“I am at my most creative, my most prolific, my most full of wonderfulness when there isn’t any time left to screw around. When it has to be done, I get it done. And more often than not, I get it done well.”
Today I was going to talk about procrastination, but I figured that could wait.*
All seriousness aside, procrastination is a worthwhile topic for writers to think about…eventually.** How many of us put off writing because the ink’s low in the printer? Or the kitten’s stuck in the printer? Or you have to purchase a new printer? Around my house, the Procrastination List of Topics is long and varied, but I’m here to let you in a little secret:
That’s not entirely bad.
Some of my best work has been created in the proverbial (and literal) Last Minute. Nothing transforms a Walter White of an idea into a Heisenberg of creative output faster than when there’s absolutely no other option besides getting it done. Deadlines are a wonderful thing. And I know them intimately because I don’t bother embracing them until they’re right in my face.
I recall my freshmen year in college. I was a newly scrubbed high school graduate, ready to take on the world with energy, passion, and hair. We had an assignment in Freshman English to write an essay about an embarrassing moment. Being the action postponer I had grown up to be, I dove right in to not doing it.
Not that I didn’t *think* about it, and that’s crucial to the Master Put-Offer-Of-Things. You must plop the main idea into the brain oven and let it simmer. Consider possible topics, themes, ideas, turns of phrase…BUT DON’T WRITE ANY OF THEM DOWN! That’s called Working On It, which will get you kicked out of the Procrastination Club, as soon as we feel like looking up the bylaws.
Eventually, I settled on the horrifyingly stupid and humiliating story of me hauling an automatic transmission around downtown Duluth in the back of my car, getting a flat tire, then not being able to jack up my car because of the weight of the 800-pound greasy piece of scrap metal lodged in my backseat. Oh, and I was on a first date at the time. (Yes, smarty pants, I did get a second date, which proves that sweat is charming to some people.)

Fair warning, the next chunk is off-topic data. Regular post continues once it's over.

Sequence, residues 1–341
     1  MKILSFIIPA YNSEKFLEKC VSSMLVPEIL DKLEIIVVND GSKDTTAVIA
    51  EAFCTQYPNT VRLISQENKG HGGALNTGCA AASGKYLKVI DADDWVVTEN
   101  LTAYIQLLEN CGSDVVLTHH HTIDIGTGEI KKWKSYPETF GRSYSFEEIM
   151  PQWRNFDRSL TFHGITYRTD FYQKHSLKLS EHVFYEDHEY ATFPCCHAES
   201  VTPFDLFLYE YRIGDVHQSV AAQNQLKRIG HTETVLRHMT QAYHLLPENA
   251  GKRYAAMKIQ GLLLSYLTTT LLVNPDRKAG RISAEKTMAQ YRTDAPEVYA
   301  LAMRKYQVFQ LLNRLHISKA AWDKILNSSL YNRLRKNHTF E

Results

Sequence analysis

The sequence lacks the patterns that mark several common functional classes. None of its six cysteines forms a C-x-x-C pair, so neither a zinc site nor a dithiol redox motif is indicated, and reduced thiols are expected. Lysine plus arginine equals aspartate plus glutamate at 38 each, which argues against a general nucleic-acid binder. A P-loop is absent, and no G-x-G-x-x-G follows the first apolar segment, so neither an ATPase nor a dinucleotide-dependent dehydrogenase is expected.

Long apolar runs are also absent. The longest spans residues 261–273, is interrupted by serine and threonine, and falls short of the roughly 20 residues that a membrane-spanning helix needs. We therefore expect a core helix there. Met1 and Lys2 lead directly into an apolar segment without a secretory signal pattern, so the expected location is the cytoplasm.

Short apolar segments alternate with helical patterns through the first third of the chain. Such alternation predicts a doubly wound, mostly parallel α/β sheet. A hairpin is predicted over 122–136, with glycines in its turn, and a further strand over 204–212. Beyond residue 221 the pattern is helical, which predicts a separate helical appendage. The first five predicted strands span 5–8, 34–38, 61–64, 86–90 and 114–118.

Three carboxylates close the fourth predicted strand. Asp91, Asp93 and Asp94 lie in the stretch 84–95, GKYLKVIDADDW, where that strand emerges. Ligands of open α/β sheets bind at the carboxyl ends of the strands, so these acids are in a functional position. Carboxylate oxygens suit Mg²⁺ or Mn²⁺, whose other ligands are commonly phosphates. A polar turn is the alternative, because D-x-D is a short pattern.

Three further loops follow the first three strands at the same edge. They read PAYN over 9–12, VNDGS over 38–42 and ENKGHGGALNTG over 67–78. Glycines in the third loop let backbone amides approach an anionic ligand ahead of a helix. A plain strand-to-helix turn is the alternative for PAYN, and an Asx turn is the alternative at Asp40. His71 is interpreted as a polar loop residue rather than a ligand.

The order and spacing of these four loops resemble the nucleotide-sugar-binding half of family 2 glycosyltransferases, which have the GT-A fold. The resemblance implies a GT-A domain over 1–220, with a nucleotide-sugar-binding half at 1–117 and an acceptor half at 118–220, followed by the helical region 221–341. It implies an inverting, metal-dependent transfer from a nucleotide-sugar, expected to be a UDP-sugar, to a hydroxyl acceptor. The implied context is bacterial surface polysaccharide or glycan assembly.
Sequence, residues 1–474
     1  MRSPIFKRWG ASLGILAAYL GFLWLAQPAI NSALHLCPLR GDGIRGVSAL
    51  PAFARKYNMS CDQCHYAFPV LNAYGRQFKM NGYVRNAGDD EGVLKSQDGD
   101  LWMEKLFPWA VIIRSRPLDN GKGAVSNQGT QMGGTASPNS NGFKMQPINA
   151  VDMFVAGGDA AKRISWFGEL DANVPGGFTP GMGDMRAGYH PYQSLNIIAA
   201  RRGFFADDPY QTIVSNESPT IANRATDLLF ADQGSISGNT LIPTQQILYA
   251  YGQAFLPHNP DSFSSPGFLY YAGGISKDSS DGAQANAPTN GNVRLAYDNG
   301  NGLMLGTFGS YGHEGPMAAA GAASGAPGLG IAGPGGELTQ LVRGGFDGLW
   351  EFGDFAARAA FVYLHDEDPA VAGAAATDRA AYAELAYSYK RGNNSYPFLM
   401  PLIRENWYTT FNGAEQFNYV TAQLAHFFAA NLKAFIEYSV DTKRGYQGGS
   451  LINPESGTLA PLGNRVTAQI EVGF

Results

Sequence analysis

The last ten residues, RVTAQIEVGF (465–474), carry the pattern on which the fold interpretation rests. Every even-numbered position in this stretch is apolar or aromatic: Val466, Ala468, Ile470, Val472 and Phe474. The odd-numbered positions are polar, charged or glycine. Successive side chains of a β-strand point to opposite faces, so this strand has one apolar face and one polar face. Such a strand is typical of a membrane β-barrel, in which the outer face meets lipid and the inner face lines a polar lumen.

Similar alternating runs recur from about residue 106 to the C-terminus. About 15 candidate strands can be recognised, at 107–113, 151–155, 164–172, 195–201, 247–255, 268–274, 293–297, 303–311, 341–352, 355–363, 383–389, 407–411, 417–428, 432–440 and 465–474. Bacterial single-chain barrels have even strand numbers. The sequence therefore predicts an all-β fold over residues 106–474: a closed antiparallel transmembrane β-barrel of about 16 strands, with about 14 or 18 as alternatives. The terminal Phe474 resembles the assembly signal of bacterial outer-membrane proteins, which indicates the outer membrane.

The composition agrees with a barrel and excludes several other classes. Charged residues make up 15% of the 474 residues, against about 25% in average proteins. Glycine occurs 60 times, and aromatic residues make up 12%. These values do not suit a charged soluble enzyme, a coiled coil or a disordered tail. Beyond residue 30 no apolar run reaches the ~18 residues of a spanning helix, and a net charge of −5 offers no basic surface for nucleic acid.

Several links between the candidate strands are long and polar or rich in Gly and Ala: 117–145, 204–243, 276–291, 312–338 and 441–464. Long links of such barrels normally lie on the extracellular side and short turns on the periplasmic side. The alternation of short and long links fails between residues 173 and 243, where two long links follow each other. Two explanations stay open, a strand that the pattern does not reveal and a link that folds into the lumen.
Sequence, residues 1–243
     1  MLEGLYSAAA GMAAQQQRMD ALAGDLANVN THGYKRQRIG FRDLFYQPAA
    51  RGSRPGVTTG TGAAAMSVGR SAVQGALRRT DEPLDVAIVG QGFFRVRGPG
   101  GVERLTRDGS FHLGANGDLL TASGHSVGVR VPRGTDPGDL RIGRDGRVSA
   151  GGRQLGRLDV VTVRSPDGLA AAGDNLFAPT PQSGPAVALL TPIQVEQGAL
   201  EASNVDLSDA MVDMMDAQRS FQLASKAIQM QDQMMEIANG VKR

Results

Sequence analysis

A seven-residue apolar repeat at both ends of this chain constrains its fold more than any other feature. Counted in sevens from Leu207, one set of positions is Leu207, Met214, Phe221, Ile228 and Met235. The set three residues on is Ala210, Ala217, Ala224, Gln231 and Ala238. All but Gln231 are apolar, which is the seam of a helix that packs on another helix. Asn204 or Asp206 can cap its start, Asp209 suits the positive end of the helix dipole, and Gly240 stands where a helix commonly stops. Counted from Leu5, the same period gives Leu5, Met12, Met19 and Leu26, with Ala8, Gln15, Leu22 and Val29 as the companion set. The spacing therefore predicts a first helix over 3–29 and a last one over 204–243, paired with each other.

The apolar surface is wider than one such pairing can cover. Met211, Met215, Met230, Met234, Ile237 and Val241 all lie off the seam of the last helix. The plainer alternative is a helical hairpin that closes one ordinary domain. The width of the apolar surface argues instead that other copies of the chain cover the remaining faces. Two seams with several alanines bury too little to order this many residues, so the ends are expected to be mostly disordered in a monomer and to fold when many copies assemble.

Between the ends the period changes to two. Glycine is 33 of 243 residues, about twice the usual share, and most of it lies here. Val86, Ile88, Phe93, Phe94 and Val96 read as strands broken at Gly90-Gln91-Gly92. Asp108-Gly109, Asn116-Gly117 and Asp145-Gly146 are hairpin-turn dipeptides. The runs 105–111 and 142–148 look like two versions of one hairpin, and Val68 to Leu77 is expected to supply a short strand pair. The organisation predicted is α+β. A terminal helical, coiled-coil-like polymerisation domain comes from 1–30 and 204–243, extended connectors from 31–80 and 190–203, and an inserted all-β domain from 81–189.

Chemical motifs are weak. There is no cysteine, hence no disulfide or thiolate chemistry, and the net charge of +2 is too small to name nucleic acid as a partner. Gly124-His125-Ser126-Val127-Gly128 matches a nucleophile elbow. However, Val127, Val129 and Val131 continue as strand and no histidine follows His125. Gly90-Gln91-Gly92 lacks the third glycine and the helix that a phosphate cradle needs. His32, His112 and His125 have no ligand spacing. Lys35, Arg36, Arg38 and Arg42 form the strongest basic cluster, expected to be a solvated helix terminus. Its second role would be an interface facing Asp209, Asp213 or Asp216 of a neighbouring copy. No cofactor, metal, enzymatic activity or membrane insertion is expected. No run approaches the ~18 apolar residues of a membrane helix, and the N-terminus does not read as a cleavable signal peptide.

Now it came time to put off the writing of the assignment.
I should point out that in high school, I had a mother who always checked on my homework. What was the assignment? When was it due? WHY AREN’T YOU WORKING ON IT RIGHT NOW? Through the prism of time, it’s easy to see that Mom’s nagging was essential for my high school success. But then I graduated, moved out of the house, and Procrastination said “Hey, college man. Let’s grab some lukewarm PBR and hang.”
So when did I finally compose this particular English essay? The hour before it was due. In the student lounge. Written out in longhand in my notebook. With minutes to spare, I set my still-smoking essay free from the spiral prison, neatly clipped all the jagged paper edges off, slapped my name on it and handed it in.
Ladies and gentlemen, not only did I get an A, the teacher read it out loud to the entire class as an example of how a personal essay should be written. Yes, I WAS REWARDED FOR MY DRAGGING FEET! The dye was set. The concrete poured. My destiny fulfilled. That day, I learned that I am at my most creative, my most prolific, my most full of wonderfulness when there isn’t any time left to screw around. When it has to be done, I get it done. And more often than not, I get it done well.
So embrace your inner Goof Off Guy/Gal/Gang. See if it works for you to put something creative off until the last possible second. When there’s no time left for second-guessing yourself, you might just achieve some incredible writing. Get out of your own way and shine.
Now, if you’ll excuse me, I have another essay due in twenty minutes. Better get crackin’.***
*Comedy professional. Do not attempt at home.
**Again, comedy professional. Please stop trying to put this into your writing. You’re only hurting yourself.
***It’s called the Comedy Rule of Three. Look it up.
Brian Matuszak is a local writer/actor/director/producer, co-founder of Rubber Chicken Theater, and has been practicing the fine art of procrastination since birth. In fact, he didn’t finish this bio until you started reading it.